Like many others, we read Neil Genzlinger’s article on “The Problem with Memoirs” and felt a bit huffy. After all, Scribner has published quite a few memoirs over the years, and if we do say so, they’re all pretty spectacular. (The Pulitzer committee and the National Book Award judges seem to agree.)
And yet, Genzlinger has a point. There is a lot of navel-gazing going on in the culture now – but this is a story that’s already been written, and re-written. McNally Jackson has made this point very well; we may as well apply this rant to food, movies, blogs, etc… For every three mediocre memoirs Genzlinger could pull off the shelves, there are three brilliant, moving, and transcendent works he could have found, too.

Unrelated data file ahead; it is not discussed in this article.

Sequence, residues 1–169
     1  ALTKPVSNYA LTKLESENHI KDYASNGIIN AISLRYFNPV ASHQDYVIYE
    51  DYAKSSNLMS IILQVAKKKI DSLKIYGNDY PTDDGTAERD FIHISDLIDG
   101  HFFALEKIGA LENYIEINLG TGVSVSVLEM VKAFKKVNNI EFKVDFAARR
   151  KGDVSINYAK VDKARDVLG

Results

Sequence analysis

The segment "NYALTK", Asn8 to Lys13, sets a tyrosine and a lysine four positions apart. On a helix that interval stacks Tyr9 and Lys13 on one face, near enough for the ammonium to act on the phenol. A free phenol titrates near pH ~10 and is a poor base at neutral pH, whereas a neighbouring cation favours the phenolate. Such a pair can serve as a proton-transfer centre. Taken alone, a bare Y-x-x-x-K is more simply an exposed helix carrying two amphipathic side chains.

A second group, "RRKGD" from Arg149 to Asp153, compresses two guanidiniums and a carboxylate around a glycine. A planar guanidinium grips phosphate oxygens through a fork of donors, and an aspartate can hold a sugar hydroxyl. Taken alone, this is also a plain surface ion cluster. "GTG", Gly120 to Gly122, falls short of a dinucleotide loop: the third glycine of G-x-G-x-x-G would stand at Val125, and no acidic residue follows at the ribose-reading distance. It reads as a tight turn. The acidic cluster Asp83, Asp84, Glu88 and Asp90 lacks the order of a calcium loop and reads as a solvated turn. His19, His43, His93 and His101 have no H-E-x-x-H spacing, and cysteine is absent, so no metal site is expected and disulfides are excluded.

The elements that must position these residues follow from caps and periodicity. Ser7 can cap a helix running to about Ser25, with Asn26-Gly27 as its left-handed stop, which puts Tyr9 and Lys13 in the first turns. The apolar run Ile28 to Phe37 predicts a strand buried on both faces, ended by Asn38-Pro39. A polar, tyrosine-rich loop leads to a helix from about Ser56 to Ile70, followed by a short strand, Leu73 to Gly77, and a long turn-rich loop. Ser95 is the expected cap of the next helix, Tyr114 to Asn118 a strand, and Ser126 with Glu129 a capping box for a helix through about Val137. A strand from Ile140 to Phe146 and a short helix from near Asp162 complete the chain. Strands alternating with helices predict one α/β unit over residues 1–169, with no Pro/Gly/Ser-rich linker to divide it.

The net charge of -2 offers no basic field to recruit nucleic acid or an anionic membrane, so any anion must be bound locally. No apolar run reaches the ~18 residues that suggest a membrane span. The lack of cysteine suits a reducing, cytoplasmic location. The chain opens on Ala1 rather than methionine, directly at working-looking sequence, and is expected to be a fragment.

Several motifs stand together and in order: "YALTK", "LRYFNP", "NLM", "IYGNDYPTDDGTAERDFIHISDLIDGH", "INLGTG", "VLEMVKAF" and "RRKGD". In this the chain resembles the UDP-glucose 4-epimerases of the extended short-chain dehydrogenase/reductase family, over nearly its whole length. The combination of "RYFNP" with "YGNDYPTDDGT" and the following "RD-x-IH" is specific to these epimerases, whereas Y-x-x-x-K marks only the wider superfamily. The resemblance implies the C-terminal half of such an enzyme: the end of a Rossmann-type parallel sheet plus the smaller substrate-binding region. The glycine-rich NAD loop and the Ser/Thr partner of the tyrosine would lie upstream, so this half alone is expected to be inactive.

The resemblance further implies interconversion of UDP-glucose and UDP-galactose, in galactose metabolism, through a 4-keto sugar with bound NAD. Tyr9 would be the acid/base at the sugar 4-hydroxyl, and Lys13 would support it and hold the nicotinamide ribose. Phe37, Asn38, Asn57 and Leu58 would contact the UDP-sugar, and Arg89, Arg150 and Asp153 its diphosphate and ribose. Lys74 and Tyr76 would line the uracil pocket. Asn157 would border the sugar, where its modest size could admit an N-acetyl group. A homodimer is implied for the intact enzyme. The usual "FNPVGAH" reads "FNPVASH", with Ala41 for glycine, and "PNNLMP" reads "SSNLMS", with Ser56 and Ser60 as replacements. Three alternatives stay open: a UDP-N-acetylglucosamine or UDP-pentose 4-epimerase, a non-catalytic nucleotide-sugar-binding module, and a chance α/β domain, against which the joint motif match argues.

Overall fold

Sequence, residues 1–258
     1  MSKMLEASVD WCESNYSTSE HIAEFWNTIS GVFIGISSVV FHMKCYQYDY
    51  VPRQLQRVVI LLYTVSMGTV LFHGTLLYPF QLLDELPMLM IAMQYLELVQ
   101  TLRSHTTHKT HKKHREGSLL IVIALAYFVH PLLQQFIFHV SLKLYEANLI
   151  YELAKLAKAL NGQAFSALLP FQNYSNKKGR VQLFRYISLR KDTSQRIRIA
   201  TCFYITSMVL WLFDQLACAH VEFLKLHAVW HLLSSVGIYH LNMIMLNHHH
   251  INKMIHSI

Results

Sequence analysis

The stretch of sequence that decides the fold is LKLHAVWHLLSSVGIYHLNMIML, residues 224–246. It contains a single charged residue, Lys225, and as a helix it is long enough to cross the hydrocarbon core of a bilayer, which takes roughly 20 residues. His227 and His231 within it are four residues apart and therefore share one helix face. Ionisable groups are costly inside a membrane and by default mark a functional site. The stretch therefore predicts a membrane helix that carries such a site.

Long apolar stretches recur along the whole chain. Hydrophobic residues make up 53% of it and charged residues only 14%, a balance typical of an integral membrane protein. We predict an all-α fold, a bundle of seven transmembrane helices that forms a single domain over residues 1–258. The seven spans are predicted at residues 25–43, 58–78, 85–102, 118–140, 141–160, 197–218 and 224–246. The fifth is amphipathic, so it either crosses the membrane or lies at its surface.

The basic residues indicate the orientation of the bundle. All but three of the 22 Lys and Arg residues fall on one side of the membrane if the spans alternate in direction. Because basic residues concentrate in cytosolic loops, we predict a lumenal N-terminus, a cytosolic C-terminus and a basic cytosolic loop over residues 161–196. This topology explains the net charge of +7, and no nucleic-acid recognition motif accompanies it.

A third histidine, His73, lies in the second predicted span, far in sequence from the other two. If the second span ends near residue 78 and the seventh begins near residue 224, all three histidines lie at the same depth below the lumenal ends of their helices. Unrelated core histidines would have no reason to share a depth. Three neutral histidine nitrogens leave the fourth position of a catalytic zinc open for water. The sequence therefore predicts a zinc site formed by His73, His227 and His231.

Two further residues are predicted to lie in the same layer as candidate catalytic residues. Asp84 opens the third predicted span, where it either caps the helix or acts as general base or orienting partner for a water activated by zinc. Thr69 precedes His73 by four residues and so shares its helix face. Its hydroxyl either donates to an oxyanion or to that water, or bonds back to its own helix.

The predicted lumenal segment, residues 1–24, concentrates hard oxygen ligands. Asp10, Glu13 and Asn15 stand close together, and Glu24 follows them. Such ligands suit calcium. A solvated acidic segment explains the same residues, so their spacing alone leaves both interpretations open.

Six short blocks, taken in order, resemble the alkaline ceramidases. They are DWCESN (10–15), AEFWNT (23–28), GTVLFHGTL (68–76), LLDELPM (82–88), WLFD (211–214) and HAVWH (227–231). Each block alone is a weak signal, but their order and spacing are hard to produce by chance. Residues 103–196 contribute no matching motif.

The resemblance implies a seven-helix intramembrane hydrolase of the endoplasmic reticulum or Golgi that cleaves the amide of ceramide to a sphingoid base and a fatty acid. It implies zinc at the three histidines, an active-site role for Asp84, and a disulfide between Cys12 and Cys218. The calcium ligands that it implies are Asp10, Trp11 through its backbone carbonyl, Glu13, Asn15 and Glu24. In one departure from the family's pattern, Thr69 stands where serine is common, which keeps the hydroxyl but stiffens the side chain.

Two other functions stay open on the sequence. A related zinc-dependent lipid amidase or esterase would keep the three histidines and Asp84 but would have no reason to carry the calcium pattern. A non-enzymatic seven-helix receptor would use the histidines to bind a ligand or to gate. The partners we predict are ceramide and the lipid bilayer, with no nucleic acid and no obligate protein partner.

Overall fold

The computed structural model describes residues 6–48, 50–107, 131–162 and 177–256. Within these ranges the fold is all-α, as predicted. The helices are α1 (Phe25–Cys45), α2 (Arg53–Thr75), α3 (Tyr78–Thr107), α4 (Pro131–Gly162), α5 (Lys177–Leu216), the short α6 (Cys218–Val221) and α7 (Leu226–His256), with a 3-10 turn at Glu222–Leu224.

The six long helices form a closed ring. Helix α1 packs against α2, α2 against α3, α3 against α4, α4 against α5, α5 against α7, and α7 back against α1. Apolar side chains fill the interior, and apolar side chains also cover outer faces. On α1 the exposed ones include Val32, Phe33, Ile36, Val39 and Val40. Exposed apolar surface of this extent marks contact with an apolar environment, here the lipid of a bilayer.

We’d like to think, atop our soapbox here, that one of the jobs we take most seriously, is filtering content and nurturing stories and writers that we believe are worthy of your time. Independent bookstores, who pride themselves on hand-selling, also do this. Perhaps Genzlinger’s problem, shouldn’t have been with the content itself, but the medium he chose to view it in (ahem, a certain online bookseller), and his own porous methods of choosing the books.